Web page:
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1950’s Hollywood Movie Memories – New Competition and New Markets


1950’s Hollywood Movie Memories – New Competition and New Markets
| By Carl DiNello

By 1950 it was estimated that over 10.5 million U.S. households had a television, and that number was climbing rapidly. Post-war affluence seemed ripe for the taking. However, with this affluence came a number of alternate leisure activities.

Not only was television grabbing a larger share of the entertainment pie, but there were also newly created opportunities outside the movie theater. A couple of examples would be; ‘fast food restaurants,’ and ‘drive-ins’. It didn’t take long for these to catch on and gain their share of the publics leisure time and dollar..


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The motion picture industry needed to again change a large portion of its focus. Older viewers became the ones most likely to stay home and watch television. The younger market was growing in both size and spending power, and the youth-oriented movie goer had little interest in films produced to appeal to the older market. They demanded something fresh, and whenever possible a bit of a rebellious edge.

Hollywood found its creativity challenged in reaching for this new market. They tried the “bigger is better” approach, hoping to draw people away from the small-screen television and back into the full-color, large-screen motion picture theatre. They experimented with gimmicks such as 1952’s 3-D efforts Bwana Devil, and This is Cinerama. 1953 brought to the big-screen lavish new color filming techniques such as 20th Century-Fox’s CinemaScope production of The Robe, and Paramount’s Vista Vision presentation of White Christmas.

While these efforts worked to some extent, Hollywood realized that these newer color production methods were very costly and would not solve their problem. They had to be more topic specific to reach the teenage youth-oriented market by providing them with both stories and stars they could relate to.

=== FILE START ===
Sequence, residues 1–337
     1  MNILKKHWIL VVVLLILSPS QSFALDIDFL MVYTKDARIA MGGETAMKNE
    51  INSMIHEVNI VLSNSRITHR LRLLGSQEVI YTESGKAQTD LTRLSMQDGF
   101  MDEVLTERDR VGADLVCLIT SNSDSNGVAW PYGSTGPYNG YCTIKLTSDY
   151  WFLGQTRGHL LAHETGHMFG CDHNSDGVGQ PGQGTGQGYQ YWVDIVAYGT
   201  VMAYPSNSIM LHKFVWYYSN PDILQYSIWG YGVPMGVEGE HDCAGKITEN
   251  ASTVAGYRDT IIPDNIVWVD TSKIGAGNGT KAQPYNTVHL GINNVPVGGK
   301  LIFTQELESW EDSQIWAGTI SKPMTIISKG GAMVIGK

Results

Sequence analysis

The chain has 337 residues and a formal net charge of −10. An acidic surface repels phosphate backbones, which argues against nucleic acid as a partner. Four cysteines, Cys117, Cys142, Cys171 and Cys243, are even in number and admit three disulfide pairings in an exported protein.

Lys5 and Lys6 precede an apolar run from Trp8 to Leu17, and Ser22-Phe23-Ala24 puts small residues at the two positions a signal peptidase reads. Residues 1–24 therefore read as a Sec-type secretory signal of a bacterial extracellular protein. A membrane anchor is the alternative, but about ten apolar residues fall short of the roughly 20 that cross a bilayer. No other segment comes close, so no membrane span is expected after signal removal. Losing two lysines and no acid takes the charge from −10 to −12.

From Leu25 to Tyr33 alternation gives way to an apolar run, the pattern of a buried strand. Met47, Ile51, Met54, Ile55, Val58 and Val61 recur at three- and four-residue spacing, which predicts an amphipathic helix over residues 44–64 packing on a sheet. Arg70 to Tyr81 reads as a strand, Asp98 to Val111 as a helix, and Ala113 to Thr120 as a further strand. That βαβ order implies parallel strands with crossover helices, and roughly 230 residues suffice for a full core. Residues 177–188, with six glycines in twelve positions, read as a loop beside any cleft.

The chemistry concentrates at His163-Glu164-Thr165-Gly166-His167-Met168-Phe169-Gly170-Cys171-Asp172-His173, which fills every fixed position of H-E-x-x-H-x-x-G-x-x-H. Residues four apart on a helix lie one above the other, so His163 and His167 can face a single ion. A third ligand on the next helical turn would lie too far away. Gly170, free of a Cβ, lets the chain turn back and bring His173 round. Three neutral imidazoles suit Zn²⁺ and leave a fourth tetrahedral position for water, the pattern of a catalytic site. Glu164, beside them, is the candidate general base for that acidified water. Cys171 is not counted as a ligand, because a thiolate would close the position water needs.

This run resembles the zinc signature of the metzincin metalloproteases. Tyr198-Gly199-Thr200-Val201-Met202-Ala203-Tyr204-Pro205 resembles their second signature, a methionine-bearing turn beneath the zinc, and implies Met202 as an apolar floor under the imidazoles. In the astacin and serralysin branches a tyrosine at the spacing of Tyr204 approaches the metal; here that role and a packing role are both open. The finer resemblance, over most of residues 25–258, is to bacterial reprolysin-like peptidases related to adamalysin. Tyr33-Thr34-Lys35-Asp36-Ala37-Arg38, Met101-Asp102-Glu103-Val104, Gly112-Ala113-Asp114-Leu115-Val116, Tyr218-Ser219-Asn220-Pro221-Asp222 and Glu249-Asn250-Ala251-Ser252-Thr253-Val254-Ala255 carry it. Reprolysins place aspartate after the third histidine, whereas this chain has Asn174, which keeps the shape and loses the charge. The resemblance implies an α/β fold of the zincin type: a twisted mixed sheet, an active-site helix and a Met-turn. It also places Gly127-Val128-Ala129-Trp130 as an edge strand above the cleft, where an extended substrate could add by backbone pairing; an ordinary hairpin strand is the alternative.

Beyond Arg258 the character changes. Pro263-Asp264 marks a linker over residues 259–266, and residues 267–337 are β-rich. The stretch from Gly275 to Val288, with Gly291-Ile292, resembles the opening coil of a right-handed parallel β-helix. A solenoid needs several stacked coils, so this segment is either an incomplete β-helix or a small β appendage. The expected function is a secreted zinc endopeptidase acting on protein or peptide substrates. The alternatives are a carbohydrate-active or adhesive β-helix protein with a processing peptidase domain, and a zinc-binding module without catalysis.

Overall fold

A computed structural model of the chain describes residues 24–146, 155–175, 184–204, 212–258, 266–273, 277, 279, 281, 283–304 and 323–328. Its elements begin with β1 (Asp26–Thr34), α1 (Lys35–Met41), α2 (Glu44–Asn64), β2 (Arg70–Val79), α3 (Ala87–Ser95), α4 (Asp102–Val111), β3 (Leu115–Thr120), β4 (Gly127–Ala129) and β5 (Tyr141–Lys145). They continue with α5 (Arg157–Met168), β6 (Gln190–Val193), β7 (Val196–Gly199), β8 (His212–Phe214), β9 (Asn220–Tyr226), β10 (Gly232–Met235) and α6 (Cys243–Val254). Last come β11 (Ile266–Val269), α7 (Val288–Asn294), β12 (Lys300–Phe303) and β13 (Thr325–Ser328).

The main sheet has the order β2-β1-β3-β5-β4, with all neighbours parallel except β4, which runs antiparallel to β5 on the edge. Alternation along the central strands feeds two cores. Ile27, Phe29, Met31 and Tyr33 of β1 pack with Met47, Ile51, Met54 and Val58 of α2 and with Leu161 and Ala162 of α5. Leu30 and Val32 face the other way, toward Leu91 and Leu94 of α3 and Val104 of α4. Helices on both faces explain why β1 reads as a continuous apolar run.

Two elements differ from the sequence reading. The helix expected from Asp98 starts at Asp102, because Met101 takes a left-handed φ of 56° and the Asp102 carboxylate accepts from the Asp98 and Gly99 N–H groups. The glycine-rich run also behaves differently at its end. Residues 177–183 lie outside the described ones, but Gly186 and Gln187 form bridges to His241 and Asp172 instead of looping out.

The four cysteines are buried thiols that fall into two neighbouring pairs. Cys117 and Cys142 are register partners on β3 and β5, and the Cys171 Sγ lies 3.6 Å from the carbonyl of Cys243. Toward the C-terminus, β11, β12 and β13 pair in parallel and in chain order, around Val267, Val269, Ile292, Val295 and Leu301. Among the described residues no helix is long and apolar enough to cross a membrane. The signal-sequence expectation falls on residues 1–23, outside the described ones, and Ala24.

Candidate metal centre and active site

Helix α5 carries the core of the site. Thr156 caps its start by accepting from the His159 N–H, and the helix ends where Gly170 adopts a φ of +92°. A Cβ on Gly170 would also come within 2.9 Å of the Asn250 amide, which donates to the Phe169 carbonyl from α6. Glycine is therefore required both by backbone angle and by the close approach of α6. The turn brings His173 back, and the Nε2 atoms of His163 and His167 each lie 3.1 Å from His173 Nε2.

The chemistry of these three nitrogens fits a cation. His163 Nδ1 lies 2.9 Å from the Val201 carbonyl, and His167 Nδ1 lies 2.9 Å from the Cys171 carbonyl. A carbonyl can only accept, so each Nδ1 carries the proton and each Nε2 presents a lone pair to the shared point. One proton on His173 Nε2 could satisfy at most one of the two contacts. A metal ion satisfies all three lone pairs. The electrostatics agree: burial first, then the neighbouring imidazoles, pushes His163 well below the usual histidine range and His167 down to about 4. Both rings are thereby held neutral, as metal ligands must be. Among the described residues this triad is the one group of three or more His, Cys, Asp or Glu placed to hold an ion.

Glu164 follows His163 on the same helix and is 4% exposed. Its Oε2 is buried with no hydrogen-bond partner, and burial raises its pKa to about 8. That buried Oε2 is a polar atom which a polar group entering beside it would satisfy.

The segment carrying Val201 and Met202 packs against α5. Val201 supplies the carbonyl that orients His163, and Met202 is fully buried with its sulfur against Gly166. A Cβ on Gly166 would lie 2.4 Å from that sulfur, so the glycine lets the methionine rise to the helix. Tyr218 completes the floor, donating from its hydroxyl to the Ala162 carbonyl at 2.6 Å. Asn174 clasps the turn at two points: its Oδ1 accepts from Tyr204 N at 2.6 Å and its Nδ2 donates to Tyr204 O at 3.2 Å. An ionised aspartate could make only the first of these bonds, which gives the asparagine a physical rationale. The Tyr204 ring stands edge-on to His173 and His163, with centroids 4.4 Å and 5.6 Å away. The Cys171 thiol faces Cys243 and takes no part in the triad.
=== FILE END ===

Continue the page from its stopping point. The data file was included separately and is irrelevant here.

Motion pictures were specifically produced to include the popularity of Rock and Roll music in their story lines and literally on the screen. Many of the most popular singers and singing groups of this time would appear in these films much to the delight of the younger fan. An example being Rock Around the Clock, featuring disc jockey Allan Freed, Bill Haley and His Comets (performing the classic title song), The Platters, and more. Don’t Knock the Rock, was a response to the older generations lack of acceptance of rock and roll music. There were biographical films like The Buddy Holly Story, and La Bamba which told the story of the careers of both Buddy Holly and Richie Valens as well as their tragic ending along with fellow star The Big Bopper in a 1959 plane crash.


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Hollywood’s marketing efforts in this area proved very successful with the youth market reaching $10 billion per year. Hollywood hit a goldmine in its exploitation of this market and with teenagers becoming more socially rebellious, capitalized on their sentiment with films like The Blackboard Jungle, High School Confidential, The Wild One, and Rebel Without a Cause.

It wasn’t only the pictures portraying rebellion, it was also the stars. Marlon Brando, James Dean, and Elvis Presley provided enough personal controversy to be very successfully marketed to the young audience.